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Monroe NC Family Law Blog

What does 'sole custody' mean?

If a North Carolina family law court awards you sole custody of your child, it generally means that you have exclusive legal custody and physical custody of your child. It's not that common for a judge to award one parent sole custody during divorce proceedings, but it may happen if the other parent is seen as unfit to fulfill the role of mother or father. Drug addiction, child abuse and having committed violent crimes could be potential reasons for a parent to be stripped of his or her parental rights.

If one parent receives both sole physical and sole legal custody, then the other parent will be known as the non-custodial parent and he or she will not have any custody rights. That said, the non-custodial parent may have the right to visit the child. These visits might be supervised if the non-custodial parent has a history of child abuse or domestic violence.

How a single North Carolina mother of 6 makes ends meet

Single parents do not have it easy. They have to spend the majority of their free time taking care of their children, and the other parent may or may not be present to help ease that burden. One single mother in Burlington, North Carolina, has a challenge that exceeds what most human beings might be able to endure. She has six children, and her ex-husband only has limited visitation rights.

How does she do it? How does she pay the bills and find the time to take care of her kids on top of that? This resilient mother happens to be a harpist. While many musicians struggle to make financial ends meet, she is one of the rare few who -- through a mix of hustle and talent -- has managed to make enough money off her harp playing for choirs, local orchestras and events in order to finance her family's needs. In addition, though, she also gets a great deal of help from her parents, who she and her children live with.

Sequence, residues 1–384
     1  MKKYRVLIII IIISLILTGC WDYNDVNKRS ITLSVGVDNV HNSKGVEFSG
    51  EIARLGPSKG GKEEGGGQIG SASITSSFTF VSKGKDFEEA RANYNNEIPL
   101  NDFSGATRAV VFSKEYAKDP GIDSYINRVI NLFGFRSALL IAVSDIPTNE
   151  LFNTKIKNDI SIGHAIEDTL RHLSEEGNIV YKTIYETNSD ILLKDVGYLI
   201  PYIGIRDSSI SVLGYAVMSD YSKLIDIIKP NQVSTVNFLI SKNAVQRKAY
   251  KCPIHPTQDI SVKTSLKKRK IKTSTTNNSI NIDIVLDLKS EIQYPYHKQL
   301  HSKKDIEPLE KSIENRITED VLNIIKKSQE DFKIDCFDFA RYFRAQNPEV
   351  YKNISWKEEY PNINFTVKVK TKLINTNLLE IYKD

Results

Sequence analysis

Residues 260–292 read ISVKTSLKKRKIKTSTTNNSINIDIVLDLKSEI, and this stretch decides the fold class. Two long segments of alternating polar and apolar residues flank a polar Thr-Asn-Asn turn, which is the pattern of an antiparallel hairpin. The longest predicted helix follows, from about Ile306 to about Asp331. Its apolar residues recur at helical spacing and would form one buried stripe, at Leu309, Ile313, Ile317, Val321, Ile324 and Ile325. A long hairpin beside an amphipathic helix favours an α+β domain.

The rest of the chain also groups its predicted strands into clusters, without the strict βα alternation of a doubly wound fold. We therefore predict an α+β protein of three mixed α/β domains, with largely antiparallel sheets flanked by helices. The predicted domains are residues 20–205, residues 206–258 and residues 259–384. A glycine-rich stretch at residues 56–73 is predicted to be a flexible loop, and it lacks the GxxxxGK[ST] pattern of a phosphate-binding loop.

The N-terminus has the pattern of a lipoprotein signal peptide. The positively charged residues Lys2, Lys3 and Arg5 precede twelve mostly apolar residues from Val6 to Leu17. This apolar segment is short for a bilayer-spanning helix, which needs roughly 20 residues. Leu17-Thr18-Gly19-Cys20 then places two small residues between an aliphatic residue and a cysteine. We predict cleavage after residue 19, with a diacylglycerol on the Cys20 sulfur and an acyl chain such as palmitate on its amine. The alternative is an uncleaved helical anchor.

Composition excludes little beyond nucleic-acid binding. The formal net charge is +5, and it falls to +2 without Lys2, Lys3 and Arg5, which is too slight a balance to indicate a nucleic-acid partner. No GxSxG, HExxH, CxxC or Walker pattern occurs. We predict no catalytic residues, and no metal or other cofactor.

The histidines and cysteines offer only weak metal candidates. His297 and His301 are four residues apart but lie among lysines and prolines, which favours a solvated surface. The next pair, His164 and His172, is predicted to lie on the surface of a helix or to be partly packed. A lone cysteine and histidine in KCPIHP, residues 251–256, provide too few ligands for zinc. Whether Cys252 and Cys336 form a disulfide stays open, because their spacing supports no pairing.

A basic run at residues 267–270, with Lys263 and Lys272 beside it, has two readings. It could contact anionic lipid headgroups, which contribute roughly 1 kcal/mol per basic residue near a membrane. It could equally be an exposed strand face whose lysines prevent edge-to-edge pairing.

Are you involved in a pet custody battle?

Now that your marriage is coming to an end, you're probably looking to your best friends for extra support. If one of those best friends happens to be your dog, and your spouse has as strong of a connection the animal, you could be facing a pet custody battle in divorce court.

A lot of states have created special family laws that treat animals as more than just "property," but North Carolina law has yet to implement these much-needed updates. A such, your pets fall under the category of property -- similar to livestock.

Your spouse's debt is your debt

Money issues and financial concerns are the roots of many divorces. Perhaps, you're a spendthrift penny saver who would never think to hold a balance on your credit card. Meanwhile, your spouse is carrying thousands of dollars of debt due to reckless spending.

Many spouses who don't see eye to eye on financial issues end up in divorce court. When one spouse is a reckless spender, though, the other spouse may be surprised to find that he or she will be splitting much of the debt accrued by the financially irresponsible spouse.

National statistics pertaining to child support

If you're paying or receiving child support, it may be interesting to know what the current national statistics say about this topic. Indeed, considering that everyone pays a different amount in child support, and both custodial mothers and custodial fathers may be eligible to receive it, you might want to know how your particular case measures up.